Emotional honesty was another thing. I wasn’t consciously trying to be dishonest with my feelings, but I didn’t exactly know what they were. I remember cringing in meetings when the topic was “Emotional Honesty” because I literally had no idea what they were talking about. The idea of truly knowing what I was feeling, and trusting enough to share that with another person, was a halting journey. Scared. I knew scared – of you, of the unknown, of the “what next?” question. I knew when I was excited/agitated – from too much caffeine, that cute guy across the room, the thrill of waking up clear-headed. And I knew sad – mourning the ending of the relationship with the man who’d put me through treatment, grieving my father’s death without the buffer of chemicals, thinking of the “what if’s” that I’d squandered along the way.  I knew the feelings, but couldn’t always connect them to what was really going on. I blamed you, or him, or the great big world. I distracted, with caffeine or activity, or impulsive decisions. Eventually, and I do mean eventually, the spinning top that was my psyche slowed to a stop. It wasn’t until I could hold still that I could listen for the quiet voice, the internal knowing that had been buried for so long. It was then that I was able to unravel the emotional ties to my past and to my childhood, to make the connections between history and present reactions, to be able to answer the question, “How am I feeling?” honestly and openly. I wasn’t trying to be dishonest with myself – I just didn’t know what I didn’t know.

How does emotional dishonesty manifest in my life today, now that, theoretically, I do know what I know? I think of times that I expect my spouse to read my mind, or when I fib on my food plan. I think of the times I believe the whispering lure of isolation, or busyness, or when I think I should push on instead of resting. Emotional honesty today means accepting that I am a human being, not perfect, not striving Every.Single.Day, just a person on the path – sometimes strolling, sometimes skipping, sometimes on my hands and knees. In the past, I wanted to already be there, wherever that was. Today, I am more appreciative of the journey itself.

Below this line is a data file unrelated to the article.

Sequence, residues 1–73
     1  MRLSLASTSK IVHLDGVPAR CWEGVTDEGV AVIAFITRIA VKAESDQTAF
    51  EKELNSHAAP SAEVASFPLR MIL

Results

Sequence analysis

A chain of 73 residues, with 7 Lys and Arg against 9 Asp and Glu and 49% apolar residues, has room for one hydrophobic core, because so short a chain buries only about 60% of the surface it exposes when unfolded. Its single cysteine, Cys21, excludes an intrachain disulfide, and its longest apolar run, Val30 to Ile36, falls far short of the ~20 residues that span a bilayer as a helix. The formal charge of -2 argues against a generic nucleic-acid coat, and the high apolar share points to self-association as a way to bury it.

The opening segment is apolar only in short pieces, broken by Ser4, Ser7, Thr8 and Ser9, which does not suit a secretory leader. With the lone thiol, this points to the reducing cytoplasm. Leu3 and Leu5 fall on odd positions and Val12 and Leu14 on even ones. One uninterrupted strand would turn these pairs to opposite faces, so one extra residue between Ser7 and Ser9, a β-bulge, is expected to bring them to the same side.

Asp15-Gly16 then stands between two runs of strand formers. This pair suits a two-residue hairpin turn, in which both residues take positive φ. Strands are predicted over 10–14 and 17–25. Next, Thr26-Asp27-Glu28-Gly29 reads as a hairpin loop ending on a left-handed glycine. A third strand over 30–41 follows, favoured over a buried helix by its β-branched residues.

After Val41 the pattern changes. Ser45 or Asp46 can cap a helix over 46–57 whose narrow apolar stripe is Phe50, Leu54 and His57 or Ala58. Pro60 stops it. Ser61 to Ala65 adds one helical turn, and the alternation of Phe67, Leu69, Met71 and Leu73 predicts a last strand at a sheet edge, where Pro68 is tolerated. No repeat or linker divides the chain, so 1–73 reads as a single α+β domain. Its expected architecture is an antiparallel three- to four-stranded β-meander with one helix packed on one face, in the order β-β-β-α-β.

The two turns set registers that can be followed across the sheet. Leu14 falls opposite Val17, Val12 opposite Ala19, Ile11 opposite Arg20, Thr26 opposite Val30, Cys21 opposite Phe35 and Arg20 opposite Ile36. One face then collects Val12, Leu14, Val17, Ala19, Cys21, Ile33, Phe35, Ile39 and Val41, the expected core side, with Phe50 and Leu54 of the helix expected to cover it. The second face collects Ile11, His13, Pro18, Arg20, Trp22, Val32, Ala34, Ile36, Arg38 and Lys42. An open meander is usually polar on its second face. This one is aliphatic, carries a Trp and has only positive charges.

How have your views, or your practice, of honesty with self and others evolved over time? Do you have at least one person who you can be real with about your feelings, your fears, your hopes and your dreams?

** On 8/4, will publish a piece of my writing on being sober a long time. I’m grateful for the support, and say, “Welcome!” to any of those readers who find their way here. Please, join the conversation...


  1. All I can say is WOW! Finally someone I can relate to. The wisdom of not knowing all the answers is very refreshing from both sides (AA/AAA), which is where we seem to wind up with long term sobriety (34 yrs). I'm one of those who could no long endure the struggle of adjusting the tenets of the program with nuances like gender neutrality, the Christian over/undertones, and 1930's lingo like "character defects". What started out as a petty resentment towards a few individuals who would say things like, "Everything you need to know is in the first 164 pages of the BB" to realizing that, at least in this area (Ensenada, Baja), there is no overcoming the dogma. That may work in early sobriety but feels sophomoric to an old-timer. And I don't have the tenacity nor interest in trying to update some rather obsolete thinking and policies. In other words, "Take what you like and leave the rest" no longer does it. To remain teachable myself requires seeking new sources of inspiration. I miss the camaraderie and fellowship of the meetings, but at what price to fit in?

  2. Thank you. I do still attend meetings, but agreed that the early dogma (which I sorely needed) doesn't fit in the same way anymore. Thanks for speaking up.